A Brief History of a Young Journal: Tribal college celebrates five years of publication

Feb 15th, 1994 | By | Category: 5-4: Education, Editor's Essay
By Paul Boyer
TCJ FIRST ISSUE

The first issue of Tribal College magazine published in the summer of 1989

Six years ago, while preparing to write a report on tribally controlled colleges, I spent several days at Salish Kootenai College in western Montana. At the time, the college was beginning to broadcast programs over their own television station. I visited their efficient little studio, filled with new equipment, and watched on a monitor as Sesame Street was picked up from a satellite and sent out across the reservation.

A few weeks later, I was on a similar fact-finding trip to Navajo Community College hundreds of miles to the south. They, too, want­ed a television station, although their project was still being planned.  Pins marked a wall map indicating possible transmitter sites.

As a visitor, I assumed that both institutions were helping each other develop their stations. I was surprised to hear that they were not. The reason was simple and distressing: neither knew about the other’s work.

I quickly learned that the tribal colleges had common interests but few opportunities for common dis­course. Aside from meetings of the American Indian Higher Education Consortium, there was no forum for college staff, faculty, administrators and students to discuss their needs, successes and evolving missions.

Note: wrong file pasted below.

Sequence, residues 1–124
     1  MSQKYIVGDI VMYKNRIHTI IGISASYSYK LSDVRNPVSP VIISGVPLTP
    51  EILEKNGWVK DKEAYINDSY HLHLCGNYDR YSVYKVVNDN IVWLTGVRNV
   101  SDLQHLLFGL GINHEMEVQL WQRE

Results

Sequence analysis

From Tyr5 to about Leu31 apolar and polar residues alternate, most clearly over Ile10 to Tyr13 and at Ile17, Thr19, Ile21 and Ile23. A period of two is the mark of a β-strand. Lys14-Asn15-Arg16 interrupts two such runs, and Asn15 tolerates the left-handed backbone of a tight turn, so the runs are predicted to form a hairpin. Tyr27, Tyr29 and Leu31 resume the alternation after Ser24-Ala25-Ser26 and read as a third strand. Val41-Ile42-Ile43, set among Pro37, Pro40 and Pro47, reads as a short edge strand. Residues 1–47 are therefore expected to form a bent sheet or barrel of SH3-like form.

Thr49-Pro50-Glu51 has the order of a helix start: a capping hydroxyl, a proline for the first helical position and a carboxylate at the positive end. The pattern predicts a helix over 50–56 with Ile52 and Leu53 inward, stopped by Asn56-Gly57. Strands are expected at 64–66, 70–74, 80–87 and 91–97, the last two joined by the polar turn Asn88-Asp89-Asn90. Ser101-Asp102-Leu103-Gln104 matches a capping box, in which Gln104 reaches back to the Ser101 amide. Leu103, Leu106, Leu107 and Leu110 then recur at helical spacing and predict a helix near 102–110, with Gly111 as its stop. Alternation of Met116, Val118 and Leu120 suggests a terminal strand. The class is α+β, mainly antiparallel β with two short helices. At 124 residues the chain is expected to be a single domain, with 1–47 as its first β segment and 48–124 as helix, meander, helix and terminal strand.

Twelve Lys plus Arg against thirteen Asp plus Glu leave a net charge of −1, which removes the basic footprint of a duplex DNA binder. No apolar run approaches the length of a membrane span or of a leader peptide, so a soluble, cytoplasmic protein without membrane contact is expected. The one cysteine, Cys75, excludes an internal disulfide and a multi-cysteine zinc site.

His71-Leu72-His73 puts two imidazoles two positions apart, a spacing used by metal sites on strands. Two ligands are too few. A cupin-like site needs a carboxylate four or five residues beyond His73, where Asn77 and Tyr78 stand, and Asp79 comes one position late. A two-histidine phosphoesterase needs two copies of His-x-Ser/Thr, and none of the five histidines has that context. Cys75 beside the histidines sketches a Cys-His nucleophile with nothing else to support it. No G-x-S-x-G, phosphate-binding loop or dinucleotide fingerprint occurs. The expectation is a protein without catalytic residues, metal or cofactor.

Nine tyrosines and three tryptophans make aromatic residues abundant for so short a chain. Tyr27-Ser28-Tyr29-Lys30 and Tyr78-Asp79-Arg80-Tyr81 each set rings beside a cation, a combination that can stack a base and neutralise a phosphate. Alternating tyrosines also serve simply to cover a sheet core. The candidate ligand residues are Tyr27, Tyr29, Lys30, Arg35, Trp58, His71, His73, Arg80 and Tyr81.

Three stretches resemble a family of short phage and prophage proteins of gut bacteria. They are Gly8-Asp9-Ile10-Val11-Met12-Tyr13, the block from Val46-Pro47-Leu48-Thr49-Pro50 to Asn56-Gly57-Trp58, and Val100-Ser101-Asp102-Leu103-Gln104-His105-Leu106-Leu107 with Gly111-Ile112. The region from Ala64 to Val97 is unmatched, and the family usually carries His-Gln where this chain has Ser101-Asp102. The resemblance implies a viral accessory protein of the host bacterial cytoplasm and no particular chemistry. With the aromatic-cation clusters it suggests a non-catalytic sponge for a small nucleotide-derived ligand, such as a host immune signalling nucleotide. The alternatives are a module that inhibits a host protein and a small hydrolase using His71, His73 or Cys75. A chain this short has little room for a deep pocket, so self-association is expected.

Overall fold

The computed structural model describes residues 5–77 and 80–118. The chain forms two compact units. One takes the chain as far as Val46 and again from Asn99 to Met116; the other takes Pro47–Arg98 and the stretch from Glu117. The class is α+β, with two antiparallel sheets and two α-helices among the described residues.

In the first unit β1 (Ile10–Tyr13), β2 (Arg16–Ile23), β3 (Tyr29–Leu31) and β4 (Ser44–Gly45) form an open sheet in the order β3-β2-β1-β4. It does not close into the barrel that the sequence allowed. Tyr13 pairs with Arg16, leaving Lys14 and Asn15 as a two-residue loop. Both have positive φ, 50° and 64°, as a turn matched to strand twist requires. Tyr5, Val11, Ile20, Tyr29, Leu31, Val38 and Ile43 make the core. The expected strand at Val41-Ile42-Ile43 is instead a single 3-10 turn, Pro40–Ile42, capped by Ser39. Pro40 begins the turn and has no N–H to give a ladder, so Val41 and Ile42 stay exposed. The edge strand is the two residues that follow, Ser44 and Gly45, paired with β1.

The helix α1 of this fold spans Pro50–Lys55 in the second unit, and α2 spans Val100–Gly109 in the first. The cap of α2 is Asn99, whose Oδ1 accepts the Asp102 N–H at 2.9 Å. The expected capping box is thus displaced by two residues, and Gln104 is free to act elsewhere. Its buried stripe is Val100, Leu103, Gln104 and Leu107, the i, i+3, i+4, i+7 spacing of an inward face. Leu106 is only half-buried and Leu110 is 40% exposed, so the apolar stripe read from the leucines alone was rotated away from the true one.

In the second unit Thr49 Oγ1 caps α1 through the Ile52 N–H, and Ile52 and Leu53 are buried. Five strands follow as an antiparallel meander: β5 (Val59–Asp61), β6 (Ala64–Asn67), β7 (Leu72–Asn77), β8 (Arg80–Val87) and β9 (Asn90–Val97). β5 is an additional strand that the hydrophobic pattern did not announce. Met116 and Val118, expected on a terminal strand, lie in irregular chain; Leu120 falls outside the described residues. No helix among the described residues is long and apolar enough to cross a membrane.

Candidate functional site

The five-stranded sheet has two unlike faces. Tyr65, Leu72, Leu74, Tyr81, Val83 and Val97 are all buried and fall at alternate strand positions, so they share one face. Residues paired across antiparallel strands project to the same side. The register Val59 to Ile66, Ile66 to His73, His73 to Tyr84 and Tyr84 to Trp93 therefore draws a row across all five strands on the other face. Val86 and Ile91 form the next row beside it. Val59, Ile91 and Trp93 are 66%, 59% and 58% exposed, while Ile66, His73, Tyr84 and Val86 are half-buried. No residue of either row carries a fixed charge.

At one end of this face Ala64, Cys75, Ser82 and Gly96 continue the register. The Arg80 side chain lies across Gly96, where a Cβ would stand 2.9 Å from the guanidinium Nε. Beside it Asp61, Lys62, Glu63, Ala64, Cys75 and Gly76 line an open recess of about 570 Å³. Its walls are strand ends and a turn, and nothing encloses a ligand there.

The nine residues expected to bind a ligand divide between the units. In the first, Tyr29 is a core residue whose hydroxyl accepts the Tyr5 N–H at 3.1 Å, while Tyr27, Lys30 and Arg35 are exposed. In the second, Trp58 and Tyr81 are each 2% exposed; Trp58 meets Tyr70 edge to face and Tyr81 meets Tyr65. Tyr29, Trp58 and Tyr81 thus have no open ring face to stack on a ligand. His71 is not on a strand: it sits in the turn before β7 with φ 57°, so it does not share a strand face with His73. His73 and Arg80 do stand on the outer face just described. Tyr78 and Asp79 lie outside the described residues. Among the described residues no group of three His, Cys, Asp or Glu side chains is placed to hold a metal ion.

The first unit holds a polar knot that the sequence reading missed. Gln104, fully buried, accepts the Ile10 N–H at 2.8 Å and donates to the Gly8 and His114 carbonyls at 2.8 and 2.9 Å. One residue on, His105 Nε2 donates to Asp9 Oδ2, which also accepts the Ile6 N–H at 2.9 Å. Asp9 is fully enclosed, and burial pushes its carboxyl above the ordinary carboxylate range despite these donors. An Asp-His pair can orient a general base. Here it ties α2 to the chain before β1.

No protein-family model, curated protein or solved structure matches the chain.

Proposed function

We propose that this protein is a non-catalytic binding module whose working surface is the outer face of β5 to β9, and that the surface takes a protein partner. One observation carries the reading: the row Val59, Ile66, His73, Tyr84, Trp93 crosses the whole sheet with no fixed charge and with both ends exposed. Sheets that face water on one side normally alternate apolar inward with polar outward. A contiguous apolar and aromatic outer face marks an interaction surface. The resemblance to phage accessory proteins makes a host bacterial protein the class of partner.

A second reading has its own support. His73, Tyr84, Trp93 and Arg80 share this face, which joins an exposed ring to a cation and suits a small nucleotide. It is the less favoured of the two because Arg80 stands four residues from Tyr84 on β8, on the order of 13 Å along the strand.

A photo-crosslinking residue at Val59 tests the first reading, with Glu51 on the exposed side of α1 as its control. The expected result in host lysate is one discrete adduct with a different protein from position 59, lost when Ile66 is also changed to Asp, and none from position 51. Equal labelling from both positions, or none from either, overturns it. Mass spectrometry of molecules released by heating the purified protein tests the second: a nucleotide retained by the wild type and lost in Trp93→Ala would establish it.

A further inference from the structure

From this simple observation, a magazine was created, beginning its life in the summer of 1989.

It was primitive by any stan­dard. Twenty-four pages, designed on an early Macintosh computer and with a print run of only 1,000, the first issue of Tribal College was not going to win any awards. But it clearly met an urgent need. When demand from the colleges exceed­ed our supply and a second print­ing was ordered, the journal was fully born.

With this issue, we now complete five full years of publication. It is an appropriate time to take note of our accomplishments.

First, the journal has survived. Publications, like trendy restaurants, live on the edge of failure. Their perceived value must be proven anew with each issue and funding is rarely secure. Yet the journal has been consistently supported and its usefulness affirmed by the sponsor­ing colleges.

In addition, the journal has grown, both in size and scope. Originally conceived as an “in-house” publication for the tribal college community, it now reaches a broad range of readers. More than a journal for consortium members, it examines the larger universe of American Indian society. In this way, its content has been both broadened and deepened.

These changes are not unique to the journal. Instead, our growth is only a mirror of the changes taking place within the tribal colleges. Over the past five years, they, too, have grown and matured. Enrollments climb significantly every year and four new institu­tions have joined the consortium. They now collaborate on a wide range of projects, from the training of new leaders to telecommunica­tions (a major project described in this issue).

Much work remains. Each issue must be a little better than the last and its mission continues to evolve. But as editor, I am delighted that Tribal College has become more than a publication; it has, after five years, become part of the education land­scape.

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